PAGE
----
Anyone who doubts the vitality of the American political system must be reassured by the number of people seeking the presidency. It's a fair question why anybody would want the job, but there are roughly a dozen hopefuls in each party out there running for it, and now New York City Mayor Michael Bloomberg has let it be known that, if the conditions look right about seven months from now, he may abandon both parties and spend a billion or two of his $5 billion on an independent bid. What does a handicapper do with a field like that?
Start with the Democrats. Here, Hillary Clinton probably deserves the title of "front-runner." She leads the polls; she has buckets of money; and, in Bill Clinton, she has the shrewdest political adviser in either party, ready to supplement her sometimes tin ear for political subtleties with his own sage counsel. It's hard to see a rival who looks likely to upend her.
John Edwards, Bill Richardson and the long list of other Democratic wannabes have all failed (at least so far) to catch fire, and the steady drumbeat of mayors, congressional leaders and assorted politicians who have endorsed Clinton testifies to their calculation that she is the likely nominee. Barack Obama, who burst onto the national political scene a few months ago with a flood of favorable publicity, has settled into second place in the polls, and seems likely to wind up where many observers have always calculated he belonged: in the vice presidential slot on her ticket.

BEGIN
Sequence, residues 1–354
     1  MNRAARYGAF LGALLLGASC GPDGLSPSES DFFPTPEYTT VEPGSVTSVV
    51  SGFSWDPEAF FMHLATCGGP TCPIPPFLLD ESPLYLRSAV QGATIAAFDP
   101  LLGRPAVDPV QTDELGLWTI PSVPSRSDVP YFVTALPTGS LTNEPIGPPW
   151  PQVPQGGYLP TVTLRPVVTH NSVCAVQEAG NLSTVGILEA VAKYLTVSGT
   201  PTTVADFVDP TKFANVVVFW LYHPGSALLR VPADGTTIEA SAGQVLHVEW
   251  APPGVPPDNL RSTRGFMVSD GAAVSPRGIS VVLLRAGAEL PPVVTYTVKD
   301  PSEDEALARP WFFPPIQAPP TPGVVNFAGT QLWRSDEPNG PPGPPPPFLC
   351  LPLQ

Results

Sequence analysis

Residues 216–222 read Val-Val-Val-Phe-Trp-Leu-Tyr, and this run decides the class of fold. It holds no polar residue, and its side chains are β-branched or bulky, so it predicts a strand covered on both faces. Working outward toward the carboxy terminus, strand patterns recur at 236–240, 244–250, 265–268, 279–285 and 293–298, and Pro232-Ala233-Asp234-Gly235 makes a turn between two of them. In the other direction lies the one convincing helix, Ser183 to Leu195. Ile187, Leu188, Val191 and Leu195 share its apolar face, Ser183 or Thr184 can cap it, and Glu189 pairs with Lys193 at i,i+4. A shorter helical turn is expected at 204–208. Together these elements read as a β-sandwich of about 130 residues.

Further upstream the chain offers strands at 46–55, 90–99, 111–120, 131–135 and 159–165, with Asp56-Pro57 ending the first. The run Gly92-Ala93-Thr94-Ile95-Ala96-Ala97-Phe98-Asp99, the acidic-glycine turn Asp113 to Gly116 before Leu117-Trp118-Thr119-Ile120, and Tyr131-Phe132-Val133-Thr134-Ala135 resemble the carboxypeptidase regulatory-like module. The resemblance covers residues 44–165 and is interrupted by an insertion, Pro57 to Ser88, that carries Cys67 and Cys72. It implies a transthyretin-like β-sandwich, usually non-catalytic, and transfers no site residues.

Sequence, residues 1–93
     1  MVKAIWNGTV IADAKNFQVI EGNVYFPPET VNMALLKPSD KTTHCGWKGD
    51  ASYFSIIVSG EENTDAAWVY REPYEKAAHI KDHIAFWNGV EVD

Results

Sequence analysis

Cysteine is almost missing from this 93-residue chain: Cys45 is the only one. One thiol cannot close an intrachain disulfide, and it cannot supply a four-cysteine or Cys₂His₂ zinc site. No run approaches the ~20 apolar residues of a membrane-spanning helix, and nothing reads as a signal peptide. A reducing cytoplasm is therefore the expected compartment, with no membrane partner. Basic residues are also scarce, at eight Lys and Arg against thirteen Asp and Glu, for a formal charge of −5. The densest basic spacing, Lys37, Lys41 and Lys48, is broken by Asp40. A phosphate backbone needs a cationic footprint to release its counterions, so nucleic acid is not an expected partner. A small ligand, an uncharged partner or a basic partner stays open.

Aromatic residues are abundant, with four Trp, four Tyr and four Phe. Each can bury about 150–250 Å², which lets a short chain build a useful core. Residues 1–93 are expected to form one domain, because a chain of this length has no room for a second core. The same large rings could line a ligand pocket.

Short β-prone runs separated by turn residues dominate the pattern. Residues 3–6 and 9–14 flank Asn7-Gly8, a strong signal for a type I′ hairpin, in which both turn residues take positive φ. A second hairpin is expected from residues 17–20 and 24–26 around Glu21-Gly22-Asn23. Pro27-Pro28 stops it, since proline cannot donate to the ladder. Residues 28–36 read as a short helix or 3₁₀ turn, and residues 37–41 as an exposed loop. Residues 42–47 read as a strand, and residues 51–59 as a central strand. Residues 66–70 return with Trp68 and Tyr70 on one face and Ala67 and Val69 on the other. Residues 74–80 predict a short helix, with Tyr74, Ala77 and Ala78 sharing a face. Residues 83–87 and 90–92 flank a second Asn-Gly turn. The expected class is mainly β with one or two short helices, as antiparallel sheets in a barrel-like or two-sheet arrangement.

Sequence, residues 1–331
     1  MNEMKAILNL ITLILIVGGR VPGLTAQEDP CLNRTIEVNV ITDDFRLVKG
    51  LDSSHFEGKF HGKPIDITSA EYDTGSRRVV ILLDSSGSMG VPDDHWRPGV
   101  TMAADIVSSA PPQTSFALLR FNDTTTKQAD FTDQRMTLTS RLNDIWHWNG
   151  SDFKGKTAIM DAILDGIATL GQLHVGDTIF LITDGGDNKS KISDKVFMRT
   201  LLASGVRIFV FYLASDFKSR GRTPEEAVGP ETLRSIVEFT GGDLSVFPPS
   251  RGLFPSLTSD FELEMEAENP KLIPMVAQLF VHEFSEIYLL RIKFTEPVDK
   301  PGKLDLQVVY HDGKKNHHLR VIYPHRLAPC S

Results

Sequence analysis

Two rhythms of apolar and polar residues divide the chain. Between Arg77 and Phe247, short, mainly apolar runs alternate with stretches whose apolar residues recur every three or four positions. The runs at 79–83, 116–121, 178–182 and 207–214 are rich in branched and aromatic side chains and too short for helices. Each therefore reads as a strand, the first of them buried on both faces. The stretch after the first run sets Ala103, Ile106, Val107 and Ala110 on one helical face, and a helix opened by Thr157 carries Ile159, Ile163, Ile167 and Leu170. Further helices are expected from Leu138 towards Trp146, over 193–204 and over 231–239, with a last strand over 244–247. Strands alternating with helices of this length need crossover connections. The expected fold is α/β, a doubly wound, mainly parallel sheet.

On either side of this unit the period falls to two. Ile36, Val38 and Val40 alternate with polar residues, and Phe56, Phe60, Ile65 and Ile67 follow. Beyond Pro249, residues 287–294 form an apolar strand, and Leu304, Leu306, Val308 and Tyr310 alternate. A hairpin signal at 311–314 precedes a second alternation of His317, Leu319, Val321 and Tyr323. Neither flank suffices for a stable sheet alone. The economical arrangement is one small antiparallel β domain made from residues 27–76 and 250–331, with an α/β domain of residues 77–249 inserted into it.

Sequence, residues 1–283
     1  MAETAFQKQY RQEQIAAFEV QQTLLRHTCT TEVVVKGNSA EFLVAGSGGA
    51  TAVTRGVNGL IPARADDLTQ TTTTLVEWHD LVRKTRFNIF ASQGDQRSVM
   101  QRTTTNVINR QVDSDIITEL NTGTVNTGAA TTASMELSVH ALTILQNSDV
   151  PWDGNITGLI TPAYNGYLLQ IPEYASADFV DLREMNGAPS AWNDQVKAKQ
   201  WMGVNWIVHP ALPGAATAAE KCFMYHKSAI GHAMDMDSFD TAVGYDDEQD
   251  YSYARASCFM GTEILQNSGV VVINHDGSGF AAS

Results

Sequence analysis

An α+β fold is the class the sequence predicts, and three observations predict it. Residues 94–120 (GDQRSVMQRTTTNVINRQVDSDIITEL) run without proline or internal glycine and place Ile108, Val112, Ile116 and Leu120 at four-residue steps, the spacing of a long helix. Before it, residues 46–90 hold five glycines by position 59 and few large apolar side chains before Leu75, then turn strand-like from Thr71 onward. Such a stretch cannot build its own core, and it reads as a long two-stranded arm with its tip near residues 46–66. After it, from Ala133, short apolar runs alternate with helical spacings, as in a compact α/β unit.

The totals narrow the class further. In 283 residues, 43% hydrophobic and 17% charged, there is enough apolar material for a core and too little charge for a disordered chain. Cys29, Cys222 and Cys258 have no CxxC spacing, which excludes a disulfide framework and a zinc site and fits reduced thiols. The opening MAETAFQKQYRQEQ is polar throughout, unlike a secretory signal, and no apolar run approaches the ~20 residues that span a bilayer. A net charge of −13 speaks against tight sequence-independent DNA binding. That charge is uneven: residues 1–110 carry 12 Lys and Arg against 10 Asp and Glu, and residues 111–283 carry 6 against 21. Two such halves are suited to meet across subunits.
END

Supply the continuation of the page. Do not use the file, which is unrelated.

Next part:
Only former Vice President Al Gore (who hasn't even said he's running) fails to fit the template. He is nationally known and widely respected, and, after all, he actually got more votes than George W. Bush in 2000, though their distribution among the states prevented him from winning a majority in the Electoral College. But he is inescapably yesterday's news, whereas Hillary has not yet "had her chance." It is true that the American people sense in her an unappealing steeliness, which probably accounts for her high negatives in polls that seek to rate mere likeability. But that calculation is more likely to affect her chances in the general election than in the race for the nomination.
As for the Republicans, they have a zoo of their own, and not even a candidate who can plausibly claim to be the front-runner. Why anybody would want the Republican nomination is a mystery, given the party's gloomy prospects for 2008, but hope springs eternal, and never more so than in the case of politicians who consider themselves presidential material.
William Rusher is a Distinguished Fellow of the Claremont Institute for the Study of Statesmanship and Political Philosophy and author of How to Win Arguments .
Be the first to read William Rusher's column. Sign up today and receive Townhall.com delivered each morning to your inbox.